Surface Reconstruction of Plant Shoots from Multiple Views

  • Michael P. PoundEmail author
  • Andrew P. French
  • Erik H. Murchie
  • Tony P. Pridmore
Conference paper
Part of the Lecture Notes in Computer Science book series (LNCS, volume 8928)


Increased adoption of the systems approach to biological research has focused attention on the use of quantitative models of biological objects. This includes a need for realistic 3D representations of plant shoots for quantification and modelling. We present a fully automatic approach to image-based 3D plant reconstruction. The reconstructed plants are represented as a series of small planar sections that together model the more complex architecture of the leaf surfaces. The boundary of each leaf patch is refined using the level set method, optimising the model based on image information, curvature constraints and the position of neighbouring surfaces. The reconstruction process makes few assumptions about the nature of the plant material being reconstructed, and as such is applicable to a wide variety of plant species and topologies, and can be extended to canopy-scale imaging. We demonstrate the effectiveness of our approach on datasets of wheat and rice plants, as well as a novel virtual dataset that allows us to compute distance measures of reconstruction accuracy.


Plant phenotyping Multi-view reconstruction 3D Level sets 


  1. 1.
    Quan, L., Tan, P., Zeng, G., Yuan, L., Wang, J., Kang, S.B.: Image-based plant modeling. ACM Transactions on Graphics 25(3), 599–604 (2006)CrossRefGoogle Scholar
  2. 2.
    Watanabe, T., Hanan, J.S., Room, P.M., Hasegawa, T., Nakagawa, H., Takahashi, W.: Rice morphogenesis and plant architecture: measurement, specification and the reconstruction of structural development by 3D architectural modelling. Annals of Botany 95(7), 1131–1143 (2005)CrossRefGoogle Scholar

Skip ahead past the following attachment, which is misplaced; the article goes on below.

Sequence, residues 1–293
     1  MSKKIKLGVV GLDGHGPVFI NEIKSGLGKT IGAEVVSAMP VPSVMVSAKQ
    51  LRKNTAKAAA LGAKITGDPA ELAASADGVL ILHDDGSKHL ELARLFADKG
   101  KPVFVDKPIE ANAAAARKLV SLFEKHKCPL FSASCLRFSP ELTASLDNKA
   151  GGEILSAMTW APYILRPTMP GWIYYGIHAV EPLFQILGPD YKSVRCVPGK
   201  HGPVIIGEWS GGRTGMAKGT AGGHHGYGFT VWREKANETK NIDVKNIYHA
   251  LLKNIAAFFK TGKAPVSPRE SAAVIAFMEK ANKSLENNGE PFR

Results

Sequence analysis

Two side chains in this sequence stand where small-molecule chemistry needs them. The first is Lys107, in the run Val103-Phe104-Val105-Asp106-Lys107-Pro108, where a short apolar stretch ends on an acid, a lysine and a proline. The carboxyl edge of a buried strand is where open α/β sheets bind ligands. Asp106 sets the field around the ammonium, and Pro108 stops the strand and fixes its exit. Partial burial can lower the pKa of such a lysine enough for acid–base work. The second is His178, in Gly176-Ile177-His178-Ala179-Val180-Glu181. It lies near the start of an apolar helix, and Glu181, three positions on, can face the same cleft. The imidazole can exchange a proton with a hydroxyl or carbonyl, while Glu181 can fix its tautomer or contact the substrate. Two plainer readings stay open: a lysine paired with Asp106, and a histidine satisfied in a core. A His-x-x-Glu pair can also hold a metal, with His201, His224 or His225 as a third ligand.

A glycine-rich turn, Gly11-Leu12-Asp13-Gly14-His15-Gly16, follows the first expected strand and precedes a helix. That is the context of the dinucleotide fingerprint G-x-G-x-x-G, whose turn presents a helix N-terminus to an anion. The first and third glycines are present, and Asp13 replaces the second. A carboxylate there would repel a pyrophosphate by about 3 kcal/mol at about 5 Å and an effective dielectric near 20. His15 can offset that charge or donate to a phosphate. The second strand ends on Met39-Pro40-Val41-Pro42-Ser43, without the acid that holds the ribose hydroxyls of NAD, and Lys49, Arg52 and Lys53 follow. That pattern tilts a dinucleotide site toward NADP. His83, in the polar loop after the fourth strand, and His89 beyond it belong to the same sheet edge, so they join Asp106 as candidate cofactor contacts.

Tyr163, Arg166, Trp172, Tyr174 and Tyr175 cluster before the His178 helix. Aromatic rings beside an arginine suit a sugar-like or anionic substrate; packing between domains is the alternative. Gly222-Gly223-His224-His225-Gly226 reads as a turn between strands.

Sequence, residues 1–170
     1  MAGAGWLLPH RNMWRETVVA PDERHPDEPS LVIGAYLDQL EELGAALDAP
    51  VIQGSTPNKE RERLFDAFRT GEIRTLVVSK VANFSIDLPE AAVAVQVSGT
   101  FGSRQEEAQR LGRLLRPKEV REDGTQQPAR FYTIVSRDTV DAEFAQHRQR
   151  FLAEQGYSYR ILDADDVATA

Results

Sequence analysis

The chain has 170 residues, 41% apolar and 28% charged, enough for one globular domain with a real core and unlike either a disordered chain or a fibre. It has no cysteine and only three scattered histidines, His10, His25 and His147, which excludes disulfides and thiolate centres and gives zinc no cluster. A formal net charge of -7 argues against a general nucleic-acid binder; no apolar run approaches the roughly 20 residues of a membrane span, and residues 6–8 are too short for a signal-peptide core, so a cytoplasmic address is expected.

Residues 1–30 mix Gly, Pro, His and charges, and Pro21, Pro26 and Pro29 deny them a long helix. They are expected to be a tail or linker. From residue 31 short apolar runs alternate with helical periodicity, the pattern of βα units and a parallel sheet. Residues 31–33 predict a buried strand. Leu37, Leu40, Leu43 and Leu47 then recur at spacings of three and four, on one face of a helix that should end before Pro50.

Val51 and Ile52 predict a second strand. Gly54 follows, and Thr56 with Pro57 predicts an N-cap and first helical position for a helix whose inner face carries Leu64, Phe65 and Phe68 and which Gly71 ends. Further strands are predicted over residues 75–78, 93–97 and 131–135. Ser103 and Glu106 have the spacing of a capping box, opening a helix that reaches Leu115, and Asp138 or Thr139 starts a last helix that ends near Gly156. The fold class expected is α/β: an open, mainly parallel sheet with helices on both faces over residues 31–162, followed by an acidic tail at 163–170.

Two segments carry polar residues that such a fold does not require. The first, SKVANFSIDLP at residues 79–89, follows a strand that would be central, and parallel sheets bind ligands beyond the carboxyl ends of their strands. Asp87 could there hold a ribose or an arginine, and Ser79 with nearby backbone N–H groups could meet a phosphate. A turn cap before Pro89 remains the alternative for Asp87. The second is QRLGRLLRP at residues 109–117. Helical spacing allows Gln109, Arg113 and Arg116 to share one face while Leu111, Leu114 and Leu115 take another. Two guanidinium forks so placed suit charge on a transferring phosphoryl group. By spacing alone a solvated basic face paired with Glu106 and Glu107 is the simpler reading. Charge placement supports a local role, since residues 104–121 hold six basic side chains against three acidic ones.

3. 3.
    Alarcon, V.J., Sassenrath, G.F.: Modelling cotton (Gossypium spp.) leaves and canopy using computer aided geometric design (CAGD). Ecological Modelling 222(12), 1951–1963 (2011)CrossRefGoogle Scholar
  4. 4.
    Houle, D., Govindaraju, D.R., Omholt, S.: Phenomics: the next challenge. Nature Reviews Genetics 11(12), 855–866 (2010)CrossRefGoogle Scholar
  5. 5.
    White, J.W., Andrade-Sanchez, P., Gore, M.A., Bronson, K.F., Coffelt, T.A., Conley, M.M., Feldmann, K.A.: Field-based phenomics for plant genetics research. Field Crops Research 133, 101–112 (2012)CrossRefGoogle Scholar
  6. 6.
    Ma, W., Zha, H., Liu, J., Zhang, X., Xiang, B.: Image-based plant modeling by knowing leaves from their apexes. In: 19th International Conference on Pattern Recognition, pp. 1–4 (2008)Google Scholar
  7. 7.
    Alenya, G., Dellen, B., Torras, C.: 3D modelling of leaves from color and ToF data for robotized plant measuring. In: IEEE International Conference on Robotics and Automation (ICRA), pp. 3408–3414 (2011)Google Scholar
  8. 8.
    Clark, R.T., MacCurdy, R.B., Jung, J.K., Shaff, J.E., McCouch, S.R., Aneshansley, D.J., Kochian, L.V.: Three-dimensional root phenotyping with a novel imaging and software platform. Plant Physiology 156(2), 455–465 (2011)CrossRefGoogle Scholar
  9. 9.
    Kumar, P., Cai, J., Miklavcic, S.: High-throughput 3D modelling of plants for phenotypic analysis. In: Proceedings of the 27th Conference on Image and Vision Computing New Zealand, pp. 301–306 (2012)Google Scholar
  10. 10.
    Kutulakos, K.N., Seitz, S.M.: A theory of shape by space carving. International Journal of Computer Vision 38(3), 199–218 (2000)CrossRefzbMATHGoogle Scholar
  11. 11.